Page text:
Saturday, December 5, 2009

Getting Out The Clipboard

On Wednesday, I was back in the dojo teaching my regularly scheduled classes. The first night we worked on basics and bo techniques. The second night....

I got out the clipboard.

We have a group of 1st kyu brown belts in the dojo training for black belt. They are a good group who have been training together since white belt. I also need to mention...they are family members. The father and son of the group walked into class...saw the clipboard...and just knew. I handed a clipboard to the other class instructor and then sat down in front of the class. Since I was out of the dojo for for few weeks, I wanted to get a handle on the students training. I wanted to determine, as a class instructor, what the focus should be over the next few weeks. The class did all the weapon and open hand kata up to the Shodan requirements.

The students are occasional readers of this blog and I want them to know..."You did a good job!"

Observations and Key Points:

1. After the students demonstrated the required material, the other class instructor and I compared our notes. They were identical. Very cool. We teach separate classes and have different teaching styles but we are consistent. This is good for the students because there is very little "well....X does it this way and Y does it that way...how is it supposed to be?"

2. Make the most of your time in the dojo. You are what you train. If you walk through material, your material will reflect it.

3. Be concerned about your own training. This can be tough for anyone that trains with family or friends. I am not saying that you should not help each other but make sure you stay focused on what you need to do to improve. Have confidence in your friends and family members and expect them to focus on their training too.

4. It is the little things. Small improvements can make big changes in the appearance of your kata.

5. Receive the information. Really listen to what your instructors are saying and how it applies to your material.

I am looking forward to the next few months in the dojo. Brown belt is an exciting time for students and for the class instructors. To the brown belt students in this dojo...remember to enjoy this time in your training journey.

Wednesday, December 2, 2009

Tai Chi Update

My husband picked up the phone and handed it to me. My Tai Chi instructor was on the line. He told me he did not think I would be there but he wanted me to know class was cancelled for the week. My instructor knew I worked for a company specializing in Christmas tree stands, tree drills, balers and tree lot supplies. He did not seem surprised by my absence.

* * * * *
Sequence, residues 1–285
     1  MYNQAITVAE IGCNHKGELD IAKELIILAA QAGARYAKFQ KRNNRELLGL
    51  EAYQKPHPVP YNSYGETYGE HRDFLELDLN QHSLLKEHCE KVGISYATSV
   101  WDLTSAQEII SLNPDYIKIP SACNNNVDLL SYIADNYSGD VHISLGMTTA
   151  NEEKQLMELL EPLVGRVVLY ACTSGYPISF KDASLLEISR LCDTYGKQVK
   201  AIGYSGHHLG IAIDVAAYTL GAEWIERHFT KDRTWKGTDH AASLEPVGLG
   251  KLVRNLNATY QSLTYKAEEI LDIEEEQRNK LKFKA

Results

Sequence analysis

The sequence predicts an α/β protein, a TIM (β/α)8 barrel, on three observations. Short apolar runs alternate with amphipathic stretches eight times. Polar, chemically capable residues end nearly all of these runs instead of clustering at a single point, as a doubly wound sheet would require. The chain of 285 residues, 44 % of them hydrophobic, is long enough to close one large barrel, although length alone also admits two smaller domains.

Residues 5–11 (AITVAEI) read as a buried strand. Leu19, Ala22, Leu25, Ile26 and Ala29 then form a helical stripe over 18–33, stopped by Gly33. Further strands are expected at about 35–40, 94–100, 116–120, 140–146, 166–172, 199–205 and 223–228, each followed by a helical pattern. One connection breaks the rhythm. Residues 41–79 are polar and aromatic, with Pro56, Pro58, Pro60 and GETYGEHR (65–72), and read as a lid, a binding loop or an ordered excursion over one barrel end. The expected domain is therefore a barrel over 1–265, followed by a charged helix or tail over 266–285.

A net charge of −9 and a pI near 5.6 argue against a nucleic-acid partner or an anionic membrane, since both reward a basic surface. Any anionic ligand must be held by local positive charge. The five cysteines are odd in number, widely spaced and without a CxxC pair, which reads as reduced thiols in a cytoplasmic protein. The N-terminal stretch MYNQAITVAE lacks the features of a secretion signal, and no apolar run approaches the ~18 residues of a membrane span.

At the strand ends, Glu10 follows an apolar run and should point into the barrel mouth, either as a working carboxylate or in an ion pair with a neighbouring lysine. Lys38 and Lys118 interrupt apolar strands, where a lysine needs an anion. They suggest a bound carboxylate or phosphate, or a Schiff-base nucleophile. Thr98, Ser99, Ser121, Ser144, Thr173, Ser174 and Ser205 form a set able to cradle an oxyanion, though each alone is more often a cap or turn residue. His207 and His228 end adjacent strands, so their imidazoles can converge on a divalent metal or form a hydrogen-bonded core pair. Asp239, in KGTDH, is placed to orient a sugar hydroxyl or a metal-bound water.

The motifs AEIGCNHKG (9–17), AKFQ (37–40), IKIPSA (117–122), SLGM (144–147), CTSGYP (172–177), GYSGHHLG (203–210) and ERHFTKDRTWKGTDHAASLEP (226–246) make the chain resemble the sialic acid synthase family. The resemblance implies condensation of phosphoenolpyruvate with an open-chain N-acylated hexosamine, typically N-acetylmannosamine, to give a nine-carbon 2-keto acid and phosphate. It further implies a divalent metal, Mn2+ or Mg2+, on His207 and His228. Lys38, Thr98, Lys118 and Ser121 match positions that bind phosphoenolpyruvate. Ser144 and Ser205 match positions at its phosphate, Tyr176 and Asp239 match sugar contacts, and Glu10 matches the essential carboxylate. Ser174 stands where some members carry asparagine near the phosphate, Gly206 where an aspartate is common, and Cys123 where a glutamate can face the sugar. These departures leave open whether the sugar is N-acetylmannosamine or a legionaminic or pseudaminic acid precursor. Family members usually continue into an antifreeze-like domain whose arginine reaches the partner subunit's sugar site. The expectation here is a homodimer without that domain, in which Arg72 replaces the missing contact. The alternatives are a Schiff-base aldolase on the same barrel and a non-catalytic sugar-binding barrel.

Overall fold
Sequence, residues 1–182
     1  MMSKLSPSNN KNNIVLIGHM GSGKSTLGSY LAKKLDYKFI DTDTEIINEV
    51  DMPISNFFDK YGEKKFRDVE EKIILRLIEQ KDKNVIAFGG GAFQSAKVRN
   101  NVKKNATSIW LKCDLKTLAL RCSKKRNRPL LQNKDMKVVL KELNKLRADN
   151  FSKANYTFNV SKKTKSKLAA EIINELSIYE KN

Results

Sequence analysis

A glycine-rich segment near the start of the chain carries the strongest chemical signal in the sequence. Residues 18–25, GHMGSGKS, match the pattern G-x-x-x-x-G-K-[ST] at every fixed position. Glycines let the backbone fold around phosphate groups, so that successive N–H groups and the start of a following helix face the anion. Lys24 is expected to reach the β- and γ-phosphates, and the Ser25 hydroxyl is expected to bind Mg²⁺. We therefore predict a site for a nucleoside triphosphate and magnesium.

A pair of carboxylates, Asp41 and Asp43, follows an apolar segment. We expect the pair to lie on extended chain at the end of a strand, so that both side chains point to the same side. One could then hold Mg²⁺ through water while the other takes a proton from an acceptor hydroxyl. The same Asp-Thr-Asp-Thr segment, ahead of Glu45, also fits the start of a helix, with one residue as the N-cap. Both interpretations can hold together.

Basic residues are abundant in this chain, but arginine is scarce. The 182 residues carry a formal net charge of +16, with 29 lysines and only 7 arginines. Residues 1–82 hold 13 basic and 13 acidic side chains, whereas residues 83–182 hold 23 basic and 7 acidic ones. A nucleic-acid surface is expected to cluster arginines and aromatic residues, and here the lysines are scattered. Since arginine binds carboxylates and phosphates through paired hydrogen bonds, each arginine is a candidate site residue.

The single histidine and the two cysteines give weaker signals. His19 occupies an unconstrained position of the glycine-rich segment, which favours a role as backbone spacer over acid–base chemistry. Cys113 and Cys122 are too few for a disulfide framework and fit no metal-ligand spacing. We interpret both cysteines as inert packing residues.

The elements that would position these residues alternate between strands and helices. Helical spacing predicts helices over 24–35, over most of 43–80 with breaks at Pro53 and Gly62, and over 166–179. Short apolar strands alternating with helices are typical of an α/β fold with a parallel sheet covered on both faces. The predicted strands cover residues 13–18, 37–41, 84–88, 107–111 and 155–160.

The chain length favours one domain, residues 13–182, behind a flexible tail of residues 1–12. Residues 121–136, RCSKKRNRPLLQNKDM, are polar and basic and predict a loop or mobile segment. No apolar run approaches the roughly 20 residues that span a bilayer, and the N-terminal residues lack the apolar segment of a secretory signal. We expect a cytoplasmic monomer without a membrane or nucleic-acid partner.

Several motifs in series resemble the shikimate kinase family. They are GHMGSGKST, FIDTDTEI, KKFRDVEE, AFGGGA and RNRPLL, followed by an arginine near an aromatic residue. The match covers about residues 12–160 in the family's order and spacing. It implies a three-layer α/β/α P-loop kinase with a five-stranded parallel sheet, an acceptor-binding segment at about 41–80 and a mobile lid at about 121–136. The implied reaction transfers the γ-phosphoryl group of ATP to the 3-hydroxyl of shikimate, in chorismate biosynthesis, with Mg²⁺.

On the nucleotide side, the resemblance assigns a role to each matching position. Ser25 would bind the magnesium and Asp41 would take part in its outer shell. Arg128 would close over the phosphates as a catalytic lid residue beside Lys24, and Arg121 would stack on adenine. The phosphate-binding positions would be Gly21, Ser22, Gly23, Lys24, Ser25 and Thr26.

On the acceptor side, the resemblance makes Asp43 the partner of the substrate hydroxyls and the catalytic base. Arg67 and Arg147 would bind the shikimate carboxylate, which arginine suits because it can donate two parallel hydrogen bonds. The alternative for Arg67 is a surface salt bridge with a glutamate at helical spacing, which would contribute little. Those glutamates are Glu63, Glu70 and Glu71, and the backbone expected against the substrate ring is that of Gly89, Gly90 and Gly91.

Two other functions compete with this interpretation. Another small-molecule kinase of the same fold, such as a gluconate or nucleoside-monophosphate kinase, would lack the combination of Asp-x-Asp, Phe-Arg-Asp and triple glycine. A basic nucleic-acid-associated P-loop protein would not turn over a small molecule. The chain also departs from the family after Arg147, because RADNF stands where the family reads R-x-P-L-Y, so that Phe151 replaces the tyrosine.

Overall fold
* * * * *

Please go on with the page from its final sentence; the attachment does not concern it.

I told him that I was not in class but I was not "gone". I have been part of the small class for a year. Many people have tried an intro class but so few stay.

He replied simply....I know.

I hung up the phone with a sense of relief. Returning to class next week will be no problem...like business as usual. I must admit the thought of returning to class was a little daunting. Did they think I quit? I kept wanting to call but did not get a chance...then I felt bad about not calling.

As a class instructor, I know what it is like to wonder where students have gone and if they will return. This brief phone call eliminated any hesitation about my return.

I will be back in Tai Chi class next week.

Tuesday, December 1, 2009

When There Is No Time To Practice

What happens when there is simply no time to practice karate?

Over the last five weeks my life has been work, work and more work. My non-work time is spent with my family. I can only list a few trips to the gym and a handful of nights in the dojo.

The company I work for does 90% of their business in the month of November. All the other months are spent preparing for this time of year. I know the change in work hours is only temporary. Yet each year I want to try to do it all....work, family, martial arts and the gym. This year I realized that trying to maintain my regular schedule would be impossible. I decided it was OK to be in the dojo less and go to the gym less. I knew my schedule was temporary. There was simply no time to practice.

Last night I was back in the dojo. To say it was good to be back on the floor training is an understatement. We worked on open hand kata, bo and kama. Over the next week, I need to catch up on housework and a few weeks of mail piling up on my desk. My regular schedule should return just in time for the holiday season.

How have you handled times when there is no time to practice?

This year I accepted it...